Wall Street: A Movie Review

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“Wall Street” is the quintessential 80s business movie. This Oliver Stone masterpiece, set in New York City, was released in December of 1987, just two months after the stock market crash of the same year. With an all-star cast, including Charlie Sheen, Michael Douglas, Martin Sheen, Daryl Hannah, James Spader, Terence Stamp, Hal Holbrook and Sean Young, the movie follows Bud Fox (Charlie Sheen), a naïve, yet hungry stockbroker willing to do whatever it takes to achieve his dreams of money and power.

The movie opens amidst the organized chaos that is Bud’s working environment at the Jackson & Steinham brokerage firm. It soon becomes apparent that he is tenaciously pursuing an interview with his hero, Gordon Gekko (Michael Douglas). Gekko is a fiercely competitive corporate raider, known for his ability to discover undervalued companies, buy them up, and then sell their assets for a quick profit, regardless of his action’s effects on others. After calling Gekko’s office for 39 straight days in an unsuccessful effort to set up a meeting, Bud goes to Gekko directly to present him with a birthday gift. Offering expensive cigars and a little inside information pertaining to his father’s airline company, Bud quickly ingratiates himself with Gekko. Sensing something special in Bud, Gekko takes him under his wing, presenting him with the opportunity to make it big if Bud has what it takes.

Tantalized by the “perks” Gekko tosses to him, including expensive meals, big paydays, and some blond eye-candy by the name of Darien (Daryl Hanna); Bud is quickly led astray down the road of corporate greed and corruption. However, Bud soon realizes the good life may come at a price. His insider trading has drawn the attention of the SEC. Not only that, but his shady dealings with Gekko have endangered the future of the airline company for which his father is a union rep. Bud is faced with a moral dilemma — to continue on the road to wealth and power, albeit mine-laden, or face the consequences of his actions and go against Gekko’s will.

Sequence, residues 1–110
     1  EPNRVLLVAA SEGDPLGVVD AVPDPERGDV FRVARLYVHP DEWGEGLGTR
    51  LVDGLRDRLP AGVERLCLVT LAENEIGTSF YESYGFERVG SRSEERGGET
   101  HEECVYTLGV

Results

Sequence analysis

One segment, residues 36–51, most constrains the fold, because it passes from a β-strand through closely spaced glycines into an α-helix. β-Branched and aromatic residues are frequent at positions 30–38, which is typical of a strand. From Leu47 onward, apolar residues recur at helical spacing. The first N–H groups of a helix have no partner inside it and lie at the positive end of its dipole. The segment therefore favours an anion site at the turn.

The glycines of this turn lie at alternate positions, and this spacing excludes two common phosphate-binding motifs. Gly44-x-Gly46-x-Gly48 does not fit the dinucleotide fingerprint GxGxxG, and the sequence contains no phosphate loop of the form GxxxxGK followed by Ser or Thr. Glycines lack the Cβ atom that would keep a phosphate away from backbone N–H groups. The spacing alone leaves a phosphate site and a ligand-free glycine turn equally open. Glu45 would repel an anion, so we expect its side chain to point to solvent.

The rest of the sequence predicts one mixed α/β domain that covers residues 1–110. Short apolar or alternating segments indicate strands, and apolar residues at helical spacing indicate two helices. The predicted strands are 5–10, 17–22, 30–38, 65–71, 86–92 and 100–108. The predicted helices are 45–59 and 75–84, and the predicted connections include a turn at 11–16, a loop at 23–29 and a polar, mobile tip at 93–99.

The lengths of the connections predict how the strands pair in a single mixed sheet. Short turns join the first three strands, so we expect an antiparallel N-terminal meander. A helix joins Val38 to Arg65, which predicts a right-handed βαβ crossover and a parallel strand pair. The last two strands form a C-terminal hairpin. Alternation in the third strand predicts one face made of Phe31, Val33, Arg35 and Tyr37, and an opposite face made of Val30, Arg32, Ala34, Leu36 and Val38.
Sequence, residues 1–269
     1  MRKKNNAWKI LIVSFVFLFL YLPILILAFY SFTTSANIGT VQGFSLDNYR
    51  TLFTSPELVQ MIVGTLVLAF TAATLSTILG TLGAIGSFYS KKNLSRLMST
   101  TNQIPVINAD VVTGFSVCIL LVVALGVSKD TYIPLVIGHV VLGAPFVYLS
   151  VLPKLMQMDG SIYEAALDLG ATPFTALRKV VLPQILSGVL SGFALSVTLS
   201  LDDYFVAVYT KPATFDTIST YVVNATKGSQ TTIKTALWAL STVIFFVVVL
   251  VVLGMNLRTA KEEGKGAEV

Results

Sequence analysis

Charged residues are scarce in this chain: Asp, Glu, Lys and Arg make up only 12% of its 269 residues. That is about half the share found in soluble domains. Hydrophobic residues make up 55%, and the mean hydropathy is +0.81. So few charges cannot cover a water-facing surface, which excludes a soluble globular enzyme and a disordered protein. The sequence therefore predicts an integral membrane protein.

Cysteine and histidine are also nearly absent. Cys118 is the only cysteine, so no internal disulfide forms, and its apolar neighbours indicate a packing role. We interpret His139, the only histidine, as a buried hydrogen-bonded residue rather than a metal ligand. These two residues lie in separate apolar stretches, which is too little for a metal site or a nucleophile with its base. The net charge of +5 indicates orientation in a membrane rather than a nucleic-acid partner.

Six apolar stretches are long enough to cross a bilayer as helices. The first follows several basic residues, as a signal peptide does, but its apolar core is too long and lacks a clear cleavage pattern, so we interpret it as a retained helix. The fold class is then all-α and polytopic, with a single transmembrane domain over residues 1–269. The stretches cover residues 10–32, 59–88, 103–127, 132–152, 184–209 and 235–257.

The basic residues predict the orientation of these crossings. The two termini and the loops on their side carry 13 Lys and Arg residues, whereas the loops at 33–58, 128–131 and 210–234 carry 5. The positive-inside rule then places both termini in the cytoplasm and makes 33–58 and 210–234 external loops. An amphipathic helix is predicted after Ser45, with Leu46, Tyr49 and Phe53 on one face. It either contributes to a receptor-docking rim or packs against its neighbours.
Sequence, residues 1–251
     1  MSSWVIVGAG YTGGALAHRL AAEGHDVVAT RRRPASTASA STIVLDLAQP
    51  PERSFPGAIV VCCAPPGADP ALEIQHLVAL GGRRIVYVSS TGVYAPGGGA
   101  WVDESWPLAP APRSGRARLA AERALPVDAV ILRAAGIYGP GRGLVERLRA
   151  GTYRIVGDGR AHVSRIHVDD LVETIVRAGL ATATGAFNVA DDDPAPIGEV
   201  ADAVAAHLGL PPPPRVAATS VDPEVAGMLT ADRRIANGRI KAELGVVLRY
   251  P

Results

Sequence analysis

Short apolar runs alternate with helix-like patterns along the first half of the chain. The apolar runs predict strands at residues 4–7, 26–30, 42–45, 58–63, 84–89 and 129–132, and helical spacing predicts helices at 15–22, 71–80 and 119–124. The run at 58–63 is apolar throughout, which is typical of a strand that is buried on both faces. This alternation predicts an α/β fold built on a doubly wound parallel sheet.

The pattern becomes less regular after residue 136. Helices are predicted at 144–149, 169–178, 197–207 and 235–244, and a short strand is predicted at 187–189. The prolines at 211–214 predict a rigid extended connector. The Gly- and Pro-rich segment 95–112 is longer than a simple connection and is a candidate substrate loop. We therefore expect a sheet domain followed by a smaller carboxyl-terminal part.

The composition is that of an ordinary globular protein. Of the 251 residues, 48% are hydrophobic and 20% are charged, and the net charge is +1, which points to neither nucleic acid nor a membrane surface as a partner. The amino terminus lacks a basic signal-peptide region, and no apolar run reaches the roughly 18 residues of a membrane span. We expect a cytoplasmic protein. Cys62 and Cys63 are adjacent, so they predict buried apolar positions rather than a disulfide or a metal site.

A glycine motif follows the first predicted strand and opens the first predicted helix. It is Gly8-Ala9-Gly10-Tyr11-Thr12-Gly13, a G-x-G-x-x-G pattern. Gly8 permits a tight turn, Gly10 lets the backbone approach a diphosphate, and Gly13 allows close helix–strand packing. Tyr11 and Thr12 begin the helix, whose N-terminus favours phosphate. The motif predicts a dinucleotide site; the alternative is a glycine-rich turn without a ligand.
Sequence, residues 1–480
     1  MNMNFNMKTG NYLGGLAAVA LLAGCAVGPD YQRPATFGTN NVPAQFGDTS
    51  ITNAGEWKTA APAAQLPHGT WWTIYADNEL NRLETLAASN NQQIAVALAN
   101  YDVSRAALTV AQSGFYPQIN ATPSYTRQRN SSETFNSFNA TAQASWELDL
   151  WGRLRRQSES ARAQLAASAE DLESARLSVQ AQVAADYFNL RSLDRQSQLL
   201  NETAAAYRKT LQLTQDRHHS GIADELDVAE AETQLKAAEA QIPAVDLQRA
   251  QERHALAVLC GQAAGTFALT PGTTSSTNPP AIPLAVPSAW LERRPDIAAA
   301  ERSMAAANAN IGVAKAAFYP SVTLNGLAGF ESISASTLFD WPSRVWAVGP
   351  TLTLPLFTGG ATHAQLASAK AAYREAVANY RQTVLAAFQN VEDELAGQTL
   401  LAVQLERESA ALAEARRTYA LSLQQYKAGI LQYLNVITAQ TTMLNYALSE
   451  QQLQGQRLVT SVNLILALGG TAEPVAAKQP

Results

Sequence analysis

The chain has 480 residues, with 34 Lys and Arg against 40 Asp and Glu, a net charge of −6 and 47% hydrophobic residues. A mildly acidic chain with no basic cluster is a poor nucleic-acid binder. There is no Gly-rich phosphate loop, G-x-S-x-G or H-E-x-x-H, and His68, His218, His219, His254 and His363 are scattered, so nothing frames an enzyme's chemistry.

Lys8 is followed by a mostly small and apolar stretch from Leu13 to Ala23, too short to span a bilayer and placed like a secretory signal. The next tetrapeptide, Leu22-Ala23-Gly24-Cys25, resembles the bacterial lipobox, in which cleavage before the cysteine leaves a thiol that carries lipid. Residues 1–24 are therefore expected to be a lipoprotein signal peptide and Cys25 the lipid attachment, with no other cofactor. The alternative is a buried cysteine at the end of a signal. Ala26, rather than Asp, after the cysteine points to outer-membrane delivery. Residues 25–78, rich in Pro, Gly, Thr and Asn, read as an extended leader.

Few movies have better weathered the years and pinpointed the reality, flaws and faults of the financial system and its players, than “Wall Street”. Gekko is a realistic antagonist that we find ourselves loving to hate. Daryl Hanna, playing Bud’s love interest, nails the role of the materialistic and money hungry, almost female version of Gordon Gekko. Martin Sheen does a fabulous job portraying the hardworking blue-collar father and immovable moral rock in Bud’s life.

While the title itself radiates themes of money, power, and greed, we find ourselves drawn more into a story of choosing between right and wrong, and the affects of our decisions on those around us. “Wall Street” is a fantastic movie whether or not you have any interest in or knowledge of the financial industry. It is definitely a five out of five and a must see!


This article is for informational purposes only. Any action taken by the reader due to the information provided in this article is at the reader’s discretion.


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